Crews making ‘excellent progress’ knocking down Red Canyon Fire burning south of Glenwood Springs
Crews from Grizzly Creek Fire shift to help on new fire, which likely started by lightning
UPDATE 7 p.m. Wednesday — Fire resources were reported to be making “excellent progress” Wednesday evening on the new Red Canyon Fire from both the air and ground.
“Dozer line is being constructed, and a night shift will be on scene,” according to the Grizzly Creek Fire command, which has taken over public information in the effort to fight the lightning-caused blaze.
Fire managers were also keeping an eye on other potential lightning strikes as a thunderstorm with lots of wind and lightning, but little rain, was moving over the area headed toward Basalt.
Carbondale and Rural District fire officials quickly called in backup to deal with the fire, which started on the southern fringe of the Grizzly Creek Fire. The Carbondale fire officials said in the first hour that the fire was up to about 200 acres, however, officials with the Grizzly Creek Fire have updated to say it burned roughly 30-40 acres.
The Red Canyon Fire (first referred to as the Fisher Creek Fire) is burning in upper Spring Valley along the north side of Garfield County Road 115 (Red Canyon) and Fisher Cemetery Road.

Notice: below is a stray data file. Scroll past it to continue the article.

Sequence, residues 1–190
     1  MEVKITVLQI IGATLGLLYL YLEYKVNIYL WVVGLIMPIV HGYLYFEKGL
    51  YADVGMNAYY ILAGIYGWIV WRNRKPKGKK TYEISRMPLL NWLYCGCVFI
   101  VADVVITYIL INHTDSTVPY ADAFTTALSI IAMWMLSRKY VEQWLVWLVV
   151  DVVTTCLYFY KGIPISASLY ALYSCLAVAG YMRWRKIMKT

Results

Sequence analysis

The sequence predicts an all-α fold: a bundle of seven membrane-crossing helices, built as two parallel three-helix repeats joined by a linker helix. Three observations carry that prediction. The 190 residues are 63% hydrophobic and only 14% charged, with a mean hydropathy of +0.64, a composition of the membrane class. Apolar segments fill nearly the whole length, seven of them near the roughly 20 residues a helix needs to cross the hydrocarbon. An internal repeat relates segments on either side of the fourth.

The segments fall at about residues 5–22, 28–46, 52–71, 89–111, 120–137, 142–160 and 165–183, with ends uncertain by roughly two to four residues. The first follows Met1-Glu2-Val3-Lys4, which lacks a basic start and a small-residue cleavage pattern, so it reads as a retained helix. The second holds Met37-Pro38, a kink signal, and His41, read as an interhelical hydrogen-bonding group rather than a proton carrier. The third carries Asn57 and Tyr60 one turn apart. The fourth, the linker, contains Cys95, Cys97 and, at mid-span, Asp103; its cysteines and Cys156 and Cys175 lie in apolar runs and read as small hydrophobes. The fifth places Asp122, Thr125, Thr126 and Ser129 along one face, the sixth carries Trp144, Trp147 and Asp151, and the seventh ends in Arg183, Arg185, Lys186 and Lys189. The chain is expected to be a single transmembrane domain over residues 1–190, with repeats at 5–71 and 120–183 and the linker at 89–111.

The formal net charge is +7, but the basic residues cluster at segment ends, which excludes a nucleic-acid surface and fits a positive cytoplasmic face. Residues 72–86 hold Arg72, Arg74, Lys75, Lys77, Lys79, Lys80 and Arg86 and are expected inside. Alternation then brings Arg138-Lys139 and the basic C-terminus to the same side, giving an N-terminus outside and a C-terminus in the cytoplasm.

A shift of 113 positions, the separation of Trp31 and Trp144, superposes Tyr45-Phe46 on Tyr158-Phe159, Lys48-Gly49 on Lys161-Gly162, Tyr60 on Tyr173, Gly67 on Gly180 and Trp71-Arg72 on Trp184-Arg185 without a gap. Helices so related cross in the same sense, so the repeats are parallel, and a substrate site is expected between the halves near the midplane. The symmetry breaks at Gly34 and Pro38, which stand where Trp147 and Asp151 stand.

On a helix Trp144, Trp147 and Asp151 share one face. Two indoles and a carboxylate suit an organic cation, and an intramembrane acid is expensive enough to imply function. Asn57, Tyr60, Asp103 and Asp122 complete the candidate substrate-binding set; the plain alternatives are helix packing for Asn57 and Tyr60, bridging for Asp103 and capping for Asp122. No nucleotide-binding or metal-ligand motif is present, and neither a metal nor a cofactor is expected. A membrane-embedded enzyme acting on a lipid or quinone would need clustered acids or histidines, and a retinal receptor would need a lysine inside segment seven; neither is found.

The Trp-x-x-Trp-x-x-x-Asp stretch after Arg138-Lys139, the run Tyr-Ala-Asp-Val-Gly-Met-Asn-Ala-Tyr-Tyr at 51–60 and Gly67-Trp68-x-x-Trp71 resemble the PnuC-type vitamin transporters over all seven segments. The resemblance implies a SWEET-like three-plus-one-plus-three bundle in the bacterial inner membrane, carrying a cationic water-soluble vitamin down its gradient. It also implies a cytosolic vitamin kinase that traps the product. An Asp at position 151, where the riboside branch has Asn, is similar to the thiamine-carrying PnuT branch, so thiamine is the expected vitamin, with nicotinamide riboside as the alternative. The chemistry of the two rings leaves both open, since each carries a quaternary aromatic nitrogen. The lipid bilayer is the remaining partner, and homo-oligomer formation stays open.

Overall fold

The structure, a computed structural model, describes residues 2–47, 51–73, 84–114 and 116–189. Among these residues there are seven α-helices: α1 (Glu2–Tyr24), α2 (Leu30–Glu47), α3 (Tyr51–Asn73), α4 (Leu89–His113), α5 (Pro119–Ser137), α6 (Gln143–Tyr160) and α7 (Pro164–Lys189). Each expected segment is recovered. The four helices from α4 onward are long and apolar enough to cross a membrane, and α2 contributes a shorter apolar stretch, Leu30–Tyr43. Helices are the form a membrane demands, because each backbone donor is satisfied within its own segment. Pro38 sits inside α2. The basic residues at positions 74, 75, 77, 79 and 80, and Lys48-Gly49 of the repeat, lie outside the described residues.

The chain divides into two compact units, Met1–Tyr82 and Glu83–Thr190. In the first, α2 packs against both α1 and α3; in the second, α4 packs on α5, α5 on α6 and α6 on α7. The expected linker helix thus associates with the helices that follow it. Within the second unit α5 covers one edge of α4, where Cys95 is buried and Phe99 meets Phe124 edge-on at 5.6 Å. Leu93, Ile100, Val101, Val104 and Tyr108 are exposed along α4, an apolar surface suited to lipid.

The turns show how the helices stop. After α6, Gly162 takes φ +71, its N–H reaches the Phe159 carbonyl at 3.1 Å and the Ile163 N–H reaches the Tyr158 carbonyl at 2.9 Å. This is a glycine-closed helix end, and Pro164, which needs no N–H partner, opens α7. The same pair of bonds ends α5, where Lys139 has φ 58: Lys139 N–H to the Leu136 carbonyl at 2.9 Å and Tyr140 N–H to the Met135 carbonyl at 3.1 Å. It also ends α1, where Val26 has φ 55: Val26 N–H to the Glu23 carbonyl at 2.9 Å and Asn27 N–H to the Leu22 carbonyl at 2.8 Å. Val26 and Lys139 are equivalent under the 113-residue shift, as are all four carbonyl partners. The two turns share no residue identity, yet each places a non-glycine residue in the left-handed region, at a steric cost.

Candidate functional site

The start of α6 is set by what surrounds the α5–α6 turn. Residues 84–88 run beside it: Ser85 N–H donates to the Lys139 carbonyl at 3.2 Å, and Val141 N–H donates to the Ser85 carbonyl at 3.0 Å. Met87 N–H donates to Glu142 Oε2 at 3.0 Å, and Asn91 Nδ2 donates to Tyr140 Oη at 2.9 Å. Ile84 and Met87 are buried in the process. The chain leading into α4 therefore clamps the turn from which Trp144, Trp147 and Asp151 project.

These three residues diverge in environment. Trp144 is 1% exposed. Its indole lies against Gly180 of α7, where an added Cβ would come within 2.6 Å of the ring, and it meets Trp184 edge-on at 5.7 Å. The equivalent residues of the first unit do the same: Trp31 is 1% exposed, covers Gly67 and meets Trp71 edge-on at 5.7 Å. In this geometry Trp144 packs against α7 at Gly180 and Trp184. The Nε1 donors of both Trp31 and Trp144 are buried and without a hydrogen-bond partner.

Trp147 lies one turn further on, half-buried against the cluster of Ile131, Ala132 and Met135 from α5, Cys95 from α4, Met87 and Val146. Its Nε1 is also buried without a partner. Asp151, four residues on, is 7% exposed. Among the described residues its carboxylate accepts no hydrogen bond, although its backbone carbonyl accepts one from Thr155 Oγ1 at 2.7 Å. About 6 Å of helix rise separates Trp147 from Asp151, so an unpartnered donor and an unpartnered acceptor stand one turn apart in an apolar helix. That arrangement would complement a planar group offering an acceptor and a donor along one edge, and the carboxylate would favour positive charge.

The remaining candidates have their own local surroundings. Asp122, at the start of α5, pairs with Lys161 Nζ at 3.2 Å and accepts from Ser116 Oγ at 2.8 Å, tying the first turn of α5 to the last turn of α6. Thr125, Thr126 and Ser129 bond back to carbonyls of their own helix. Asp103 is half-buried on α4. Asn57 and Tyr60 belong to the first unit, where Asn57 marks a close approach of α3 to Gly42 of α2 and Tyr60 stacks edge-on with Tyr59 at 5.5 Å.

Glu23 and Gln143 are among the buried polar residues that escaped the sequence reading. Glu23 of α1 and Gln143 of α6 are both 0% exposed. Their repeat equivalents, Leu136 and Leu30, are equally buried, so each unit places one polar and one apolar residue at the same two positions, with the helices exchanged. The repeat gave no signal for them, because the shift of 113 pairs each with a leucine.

Type 1 and type 2 helicopters, as well as several single-engine air tankers, seven engines and a water tender from the Grizzly Creek Fire responded and helped suppressed the new fire, officials said just before 6 p.m.
“Fire resources are making excellent progress on the #RedCanyonFire from both the air and ground. Dozer line is being constructed and a night shift will be on scene,” officials posted at 6:10 p.m. on the Grizzly Creek Fire Facebook page.
The Red Canyon Fire was reported at approximately 4 p.m. Wednesday at 20 acres and growing rapidly, Carbondale & Rural Fire Protection District reported initially.
“Upon arrival firefighters found a fire rapidly moving through the area,” according to a news release posted to the district’s Facebook page.
According to officials working the Grizzly Creek Fire, the Red Canyon Fire was likely started by lightning.
Brian Scott, who is the Grizzly Creek Fire incident PIO, said the new fire is “totally unrelated” to the Grizzly fire and is about 5 miles from the perimeter of the Grizzly fire, which started Aug. 10 and has burned more than 28,000 acres as of Wednesday afternoon.
“We’ve agreed as part of our work to be available for initial attack, and are sending some of our resources down there,” Scott told the Vail Daily. “(We have) got some structural protection folks, engines, tenders that can haul water, some aircraft we have access to is responding.”
Evacuations were in progress for High Aspen Ranch, Ranch at Coulter Creek, and High Homestead Estates. Those areas were already part of the Grizzly Creek Fire evacuations.
This is a developing story and will be updated.
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Pitkin County groups are keeping a close eye on a local marble-mining company that violated the Clean Water Act, as the company prepares to submit a permit application.